Robin Hartman and Kim Margaret Watling, the curators of “Because I Said So… ” at the Kennedy Heights Arts Center, neatly state the exhibition’s thesis:
“Because I Said So…” (is) an exhibition encompassing the range of experiences that occur when growing up with parents or parental figures.
Everyone has a story about their parents; good, bad, funny, or sad… Personal stories reveal universal truths.
In the exhibition relationships between parent and child(ren) are expressed in some pretty basic ways: parent with offspring, parent as a child or adult, or the kid(s) alone.
Paula Cordes highlights the relationship between parent and child in Thanksgiving Traditions.The scene in the yard of the house in rural Ohio where her dad grew up is likely taken from a faded color photo. It shows him with one of his three sons. Paula’s brother holds a shotgun in the crook of his arm, ready to start out on their annual Thanksgiving hunting foray. 1Grandma looks out of the porch door with what may be a mix of nostalgia and thanksgiving at seeing her son coming home with his own children.
Born in New York City and educated at the Pratt Institute, Robin Hartmann worked with the Muppets for five years and as a toy designer for Kenner Toys. Her pieced fabric works are whimsical but also incisive. Jews Don’t Do That and Other Stuff My Mom Taught Meis a comic interpretation of what she learned at her mother’s knee. In the upper left-hand corner, Mom shouts to make herself heard; in the other corner, Robin cups her ear to catch everything. Some of the “rules,” or what she calls “superstitions handed down through generations,” are never having a baby shower or buying furniture until the child arrives, and that child should never be named after a living person. And, by the way, never marry a non-Jew. Other prohibitions include never getting a tattoo, never eating bacon or mixing milk with meat, or celebrating Christmas although the artist remembers always spending Christmas Eve with an Italian family, “as long as we didn’t have a tree it was ok.” It’s a humorous take on the serious topic of heritage.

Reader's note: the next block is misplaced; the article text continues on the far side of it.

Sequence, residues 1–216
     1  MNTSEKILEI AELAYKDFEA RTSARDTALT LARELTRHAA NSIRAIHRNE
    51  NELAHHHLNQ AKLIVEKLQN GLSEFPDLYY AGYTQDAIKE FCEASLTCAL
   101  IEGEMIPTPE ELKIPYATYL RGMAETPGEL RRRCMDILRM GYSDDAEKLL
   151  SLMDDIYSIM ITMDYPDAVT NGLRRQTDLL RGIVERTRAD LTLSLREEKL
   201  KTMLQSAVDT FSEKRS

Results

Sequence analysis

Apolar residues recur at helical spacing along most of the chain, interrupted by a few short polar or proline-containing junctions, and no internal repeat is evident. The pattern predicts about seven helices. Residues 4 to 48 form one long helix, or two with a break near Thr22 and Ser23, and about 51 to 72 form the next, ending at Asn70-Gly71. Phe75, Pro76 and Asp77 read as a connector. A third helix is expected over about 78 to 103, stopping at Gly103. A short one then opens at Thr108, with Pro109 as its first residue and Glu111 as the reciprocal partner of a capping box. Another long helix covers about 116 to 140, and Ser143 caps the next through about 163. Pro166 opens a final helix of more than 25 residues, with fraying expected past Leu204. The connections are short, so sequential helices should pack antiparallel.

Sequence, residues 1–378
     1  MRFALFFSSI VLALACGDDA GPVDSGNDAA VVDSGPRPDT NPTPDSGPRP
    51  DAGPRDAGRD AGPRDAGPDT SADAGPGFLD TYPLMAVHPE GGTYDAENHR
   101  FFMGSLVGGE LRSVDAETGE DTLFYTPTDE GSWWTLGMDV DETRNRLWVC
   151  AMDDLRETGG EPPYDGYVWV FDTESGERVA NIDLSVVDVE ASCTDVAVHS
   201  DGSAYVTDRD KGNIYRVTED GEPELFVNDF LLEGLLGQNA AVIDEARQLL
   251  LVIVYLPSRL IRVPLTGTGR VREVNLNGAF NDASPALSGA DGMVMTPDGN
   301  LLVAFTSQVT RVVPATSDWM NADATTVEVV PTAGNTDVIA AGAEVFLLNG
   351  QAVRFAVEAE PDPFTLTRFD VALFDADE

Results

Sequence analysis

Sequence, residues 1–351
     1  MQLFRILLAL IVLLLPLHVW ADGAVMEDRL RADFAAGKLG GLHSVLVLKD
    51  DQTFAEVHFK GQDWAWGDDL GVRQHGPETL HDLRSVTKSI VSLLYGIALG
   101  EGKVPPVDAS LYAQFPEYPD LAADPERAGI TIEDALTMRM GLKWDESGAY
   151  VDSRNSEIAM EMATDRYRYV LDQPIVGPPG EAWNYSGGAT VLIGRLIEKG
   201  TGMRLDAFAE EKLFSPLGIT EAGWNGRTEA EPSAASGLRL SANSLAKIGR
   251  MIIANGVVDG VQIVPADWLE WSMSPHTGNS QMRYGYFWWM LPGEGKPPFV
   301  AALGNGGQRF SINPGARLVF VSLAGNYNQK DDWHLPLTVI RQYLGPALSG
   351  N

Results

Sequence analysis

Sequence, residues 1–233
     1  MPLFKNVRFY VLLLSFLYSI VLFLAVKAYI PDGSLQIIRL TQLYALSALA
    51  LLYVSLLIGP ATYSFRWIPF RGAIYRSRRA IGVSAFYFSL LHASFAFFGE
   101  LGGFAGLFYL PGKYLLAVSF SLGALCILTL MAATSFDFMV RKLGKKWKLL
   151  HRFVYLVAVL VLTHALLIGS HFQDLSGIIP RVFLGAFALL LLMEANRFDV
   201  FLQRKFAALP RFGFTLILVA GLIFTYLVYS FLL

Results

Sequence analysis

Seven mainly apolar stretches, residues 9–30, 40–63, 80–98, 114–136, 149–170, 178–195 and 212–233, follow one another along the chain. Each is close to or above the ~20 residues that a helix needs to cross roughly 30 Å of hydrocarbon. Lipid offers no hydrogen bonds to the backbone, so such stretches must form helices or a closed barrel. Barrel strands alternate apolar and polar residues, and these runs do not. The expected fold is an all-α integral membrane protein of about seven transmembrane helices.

The Kennedy Heights Art Center is located in an old house, and there’s been no effort to disguise that. So it’s logical to find a portrait holding pride of place above the fireplace: Gwen Davis’s Big Daddy. She painted it 25 years ago, working from a photograph in the school newspaper where her father taught industrial arts.He’s shown mustachioed and with longish hair, so the original photo might have been taken in the ’70s. He stands perpendicular to the picture plane but has turned his head to confront the viewer. His mouth is on the edge of a frown, his brows knit together. He seems to be scowling, as if annoyed to have his class interrupted. But Davis says he was mugging for the camera. I guess that illustrates one of his sayings: “… things are often opposite of what you think… ”
Mindy Burger’s I Carry Your Heartshows her mother as a person not defined by her role as mother. After her death, Burger found these black-and-white snaps of her posing in a bathing suit; they were taken over the course of her life, from 15 to 82. In the earliest she wears a cape like “wonder girl,” as Mindy describes her. In the last, she poses coyly, with her body hidden by a large straw hat. The artist has mounted the portraits on black cards, like the pages of an old photo album, and joined them together vertically with ribbon. Each image is surrounded by a wreath, saluting the heroic in her mom. Mindy sees her mother in these informal portraits as “unabashedly herself, embracing her body and sexuality at every age. Tumbling through life on her Jacob’s ladder, her eyes smile, and the spirit remains the same. Meet Milly Farasey: I carry her heart.”